SALT LAKE CITY -- U.S. Sen. Orrin Hatch faced his challenger Friday in the pair's only debate ahead of the June 26 primary when voters will decide whether to send the longtime senator back to Washington for a seventh and final term.
Hatch rebuffed efforts by former state Sen. Dan Liljenquist to face off in televised debates, and turned down an offer by KSL for a primetime event, instead agreeing only to appear on a morning political radio show. Hatch said he wanted to focus more on town hall meetings.
The hour-long debate was broadcast live on KSL Newsradio with host Doug Wright, who served as the moderator.
Hatch said voters should send him back to Washington because he has the seniority and know-how to save programs like Social Security and Medicaid.
"We've got to get it under control or our kids and our grandkids aren't going to have a very great future," Hatch said in his opening remarks. "Our country is at a crossroads. We're either going to go farther down or going to start picking up."
Hatch played up his seniority, arguing he is the only candidate who has the ability to enact the Republican Party's priorities from day one of the next congressional session. He also noted that he will potentially lead the powerful Senate Finance Committee if Republicans regain control of the chamber in the November general election.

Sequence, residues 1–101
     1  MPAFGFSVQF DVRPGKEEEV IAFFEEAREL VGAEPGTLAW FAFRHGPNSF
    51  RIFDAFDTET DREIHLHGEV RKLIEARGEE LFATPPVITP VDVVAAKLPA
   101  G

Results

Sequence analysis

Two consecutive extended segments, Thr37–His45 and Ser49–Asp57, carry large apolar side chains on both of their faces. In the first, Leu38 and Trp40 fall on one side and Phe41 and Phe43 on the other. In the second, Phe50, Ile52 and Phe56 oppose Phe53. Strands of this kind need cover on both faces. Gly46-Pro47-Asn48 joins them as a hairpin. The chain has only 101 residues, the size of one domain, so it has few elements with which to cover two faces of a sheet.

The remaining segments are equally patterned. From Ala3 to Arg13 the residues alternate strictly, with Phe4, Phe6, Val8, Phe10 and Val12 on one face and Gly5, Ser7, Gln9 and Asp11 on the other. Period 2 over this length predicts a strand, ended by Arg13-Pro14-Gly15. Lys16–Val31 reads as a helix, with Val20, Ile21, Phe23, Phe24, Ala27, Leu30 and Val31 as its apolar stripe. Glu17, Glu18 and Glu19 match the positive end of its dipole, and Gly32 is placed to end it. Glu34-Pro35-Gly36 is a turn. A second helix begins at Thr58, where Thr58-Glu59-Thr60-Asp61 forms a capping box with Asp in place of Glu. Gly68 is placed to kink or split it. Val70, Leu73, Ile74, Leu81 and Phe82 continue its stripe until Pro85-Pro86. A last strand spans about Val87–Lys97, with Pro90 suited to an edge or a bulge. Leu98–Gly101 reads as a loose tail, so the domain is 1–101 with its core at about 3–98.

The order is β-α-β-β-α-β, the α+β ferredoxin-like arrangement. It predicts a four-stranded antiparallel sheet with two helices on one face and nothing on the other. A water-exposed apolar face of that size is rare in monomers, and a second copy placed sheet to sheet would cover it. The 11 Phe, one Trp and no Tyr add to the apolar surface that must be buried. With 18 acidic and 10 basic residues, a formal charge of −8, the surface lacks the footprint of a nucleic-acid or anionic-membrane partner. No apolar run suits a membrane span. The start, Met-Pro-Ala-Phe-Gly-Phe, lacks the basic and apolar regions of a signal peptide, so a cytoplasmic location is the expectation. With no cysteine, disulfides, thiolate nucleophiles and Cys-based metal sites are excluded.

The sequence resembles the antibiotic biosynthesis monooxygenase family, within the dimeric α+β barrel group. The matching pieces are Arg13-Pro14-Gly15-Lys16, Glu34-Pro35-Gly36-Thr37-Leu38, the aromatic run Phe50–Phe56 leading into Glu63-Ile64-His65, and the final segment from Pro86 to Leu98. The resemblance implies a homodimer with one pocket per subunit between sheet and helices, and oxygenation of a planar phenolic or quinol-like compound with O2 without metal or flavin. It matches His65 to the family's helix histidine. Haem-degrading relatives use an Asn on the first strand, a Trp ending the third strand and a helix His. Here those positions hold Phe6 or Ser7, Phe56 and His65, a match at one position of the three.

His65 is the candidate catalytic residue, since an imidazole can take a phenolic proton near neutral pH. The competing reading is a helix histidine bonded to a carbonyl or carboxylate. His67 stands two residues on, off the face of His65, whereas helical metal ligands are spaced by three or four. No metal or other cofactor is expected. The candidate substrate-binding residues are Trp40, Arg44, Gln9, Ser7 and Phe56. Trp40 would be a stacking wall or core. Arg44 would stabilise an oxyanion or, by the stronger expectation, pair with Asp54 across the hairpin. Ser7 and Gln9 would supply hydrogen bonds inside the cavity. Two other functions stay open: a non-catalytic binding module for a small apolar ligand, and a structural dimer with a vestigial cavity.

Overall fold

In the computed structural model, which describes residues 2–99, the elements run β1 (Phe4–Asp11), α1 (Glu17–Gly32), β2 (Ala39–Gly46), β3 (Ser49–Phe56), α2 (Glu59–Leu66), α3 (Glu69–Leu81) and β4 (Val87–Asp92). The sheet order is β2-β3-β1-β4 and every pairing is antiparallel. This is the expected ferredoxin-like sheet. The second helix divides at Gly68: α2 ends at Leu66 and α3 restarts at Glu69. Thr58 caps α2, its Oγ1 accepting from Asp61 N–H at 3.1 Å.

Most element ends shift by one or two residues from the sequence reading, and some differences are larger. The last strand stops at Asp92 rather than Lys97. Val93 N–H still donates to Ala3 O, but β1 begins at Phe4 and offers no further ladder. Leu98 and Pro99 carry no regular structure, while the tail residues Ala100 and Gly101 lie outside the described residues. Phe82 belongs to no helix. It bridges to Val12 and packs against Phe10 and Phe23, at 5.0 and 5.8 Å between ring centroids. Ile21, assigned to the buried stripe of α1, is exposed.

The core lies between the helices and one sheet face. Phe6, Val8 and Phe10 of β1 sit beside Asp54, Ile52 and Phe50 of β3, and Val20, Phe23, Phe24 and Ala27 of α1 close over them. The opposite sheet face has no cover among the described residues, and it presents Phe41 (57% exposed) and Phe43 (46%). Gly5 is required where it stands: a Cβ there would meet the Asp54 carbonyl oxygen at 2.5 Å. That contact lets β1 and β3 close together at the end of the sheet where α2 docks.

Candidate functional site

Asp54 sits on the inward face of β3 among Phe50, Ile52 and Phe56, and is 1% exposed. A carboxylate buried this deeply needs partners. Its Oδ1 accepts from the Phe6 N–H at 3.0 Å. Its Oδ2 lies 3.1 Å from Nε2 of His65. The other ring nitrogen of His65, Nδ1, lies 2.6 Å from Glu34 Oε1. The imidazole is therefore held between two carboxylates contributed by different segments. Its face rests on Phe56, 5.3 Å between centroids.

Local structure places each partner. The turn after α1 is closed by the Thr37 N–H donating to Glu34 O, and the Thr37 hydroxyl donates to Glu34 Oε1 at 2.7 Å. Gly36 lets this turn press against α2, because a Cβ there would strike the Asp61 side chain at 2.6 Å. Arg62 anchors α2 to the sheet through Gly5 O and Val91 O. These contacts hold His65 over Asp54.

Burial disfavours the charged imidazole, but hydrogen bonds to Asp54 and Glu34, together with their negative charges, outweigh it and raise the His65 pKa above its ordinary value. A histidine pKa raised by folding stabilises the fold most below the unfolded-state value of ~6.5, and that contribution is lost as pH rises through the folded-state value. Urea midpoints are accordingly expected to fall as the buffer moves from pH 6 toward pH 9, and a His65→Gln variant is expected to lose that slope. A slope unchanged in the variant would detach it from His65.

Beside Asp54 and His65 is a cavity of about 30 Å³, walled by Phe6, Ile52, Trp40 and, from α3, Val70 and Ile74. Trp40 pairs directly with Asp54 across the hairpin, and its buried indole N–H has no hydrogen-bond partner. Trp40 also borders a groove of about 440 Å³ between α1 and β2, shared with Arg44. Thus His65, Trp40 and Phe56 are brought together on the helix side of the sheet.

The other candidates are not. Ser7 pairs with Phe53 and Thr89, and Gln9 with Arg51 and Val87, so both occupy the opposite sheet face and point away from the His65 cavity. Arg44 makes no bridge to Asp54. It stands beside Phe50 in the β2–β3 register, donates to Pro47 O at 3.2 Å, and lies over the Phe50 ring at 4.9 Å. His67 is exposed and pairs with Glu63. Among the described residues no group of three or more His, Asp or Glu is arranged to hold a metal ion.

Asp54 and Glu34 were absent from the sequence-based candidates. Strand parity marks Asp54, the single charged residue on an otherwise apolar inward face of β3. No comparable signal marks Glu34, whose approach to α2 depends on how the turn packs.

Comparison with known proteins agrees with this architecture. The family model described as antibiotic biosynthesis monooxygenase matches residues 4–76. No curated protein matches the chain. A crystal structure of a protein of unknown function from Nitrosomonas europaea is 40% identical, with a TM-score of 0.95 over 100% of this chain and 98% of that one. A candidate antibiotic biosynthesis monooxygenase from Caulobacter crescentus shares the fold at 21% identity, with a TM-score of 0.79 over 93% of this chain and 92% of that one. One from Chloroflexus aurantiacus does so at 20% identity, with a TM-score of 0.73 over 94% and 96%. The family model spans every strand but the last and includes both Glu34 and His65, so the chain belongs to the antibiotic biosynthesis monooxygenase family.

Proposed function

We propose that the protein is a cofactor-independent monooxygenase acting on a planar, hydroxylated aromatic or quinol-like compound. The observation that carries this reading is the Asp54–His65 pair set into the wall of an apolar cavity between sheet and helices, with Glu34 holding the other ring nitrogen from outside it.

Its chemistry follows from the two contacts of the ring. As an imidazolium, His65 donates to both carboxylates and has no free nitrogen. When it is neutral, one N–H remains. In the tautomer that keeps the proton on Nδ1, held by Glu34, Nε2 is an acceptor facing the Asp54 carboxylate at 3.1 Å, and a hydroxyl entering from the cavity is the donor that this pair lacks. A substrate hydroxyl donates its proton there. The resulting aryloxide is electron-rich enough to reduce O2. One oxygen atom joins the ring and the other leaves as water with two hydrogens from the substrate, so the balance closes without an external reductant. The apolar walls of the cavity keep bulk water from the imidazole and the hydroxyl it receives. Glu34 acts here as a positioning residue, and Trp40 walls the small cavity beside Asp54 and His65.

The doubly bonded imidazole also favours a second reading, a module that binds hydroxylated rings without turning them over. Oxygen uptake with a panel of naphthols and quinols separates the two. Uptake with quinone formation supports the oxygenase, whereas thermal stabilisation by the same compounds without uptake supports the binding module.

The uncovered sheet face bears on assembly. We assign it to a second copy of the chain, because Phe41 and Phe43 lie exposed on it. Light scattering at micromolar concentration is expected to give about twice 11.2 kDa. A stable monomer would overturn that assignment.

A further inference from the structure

"Literally 60 percent of the budget comes through that committee," Hatch said Friday.
Liljenquist said it's time for new leadership in Washington after years of "wasteful" earmarks and rising debt.
He criticized Hatch for voting to gut Medicare and Social Security, and said the longtime senator has a history of supporting wasteful earmarks to campaign contributors, noting his placement on the powerful Senate committee is a detriment to constituents, not a benefit.
"I am running for senator because you could be chair of the Senate Finance Committee, not in spite of it," Liljenquist said. "We have got to have new leaders in Washington ... who will do more than just talk about reforming."
Hatch was forced into a primary after Utah Republicans denied the incumbent senator a clear path to the general election at the state party convention in April, where he fell short of the outright nomination by fewer than three dozen votes from the nearly 4,000 delegates.
Despite the setback, the 78-year-old lawmaker holds a significant fundraising edge in what has become the stiffest challenge since his election to the Senate in 1976. The eventual Republican nominee will face Democrat Scott Howell, who lost to Hatch in 2000. Utah has not elected a Democrat to the Senate since 1970.
"A few months ago, a lot of people weren't giving me a chance. So I feel good. I consider it a victory with everything that happened in the past," Hatch said after the convention.
The 2010 convention saw the ouster of three-term Republican Sen. Bob Bennett in an upset fueled by a tea party surge. Hatch had been working feverishly to avoid the same fate.
Liljenquist, 37, has tried to convince voters that Hatch's time has come, that a new generation of lawmakers is needed in Washington.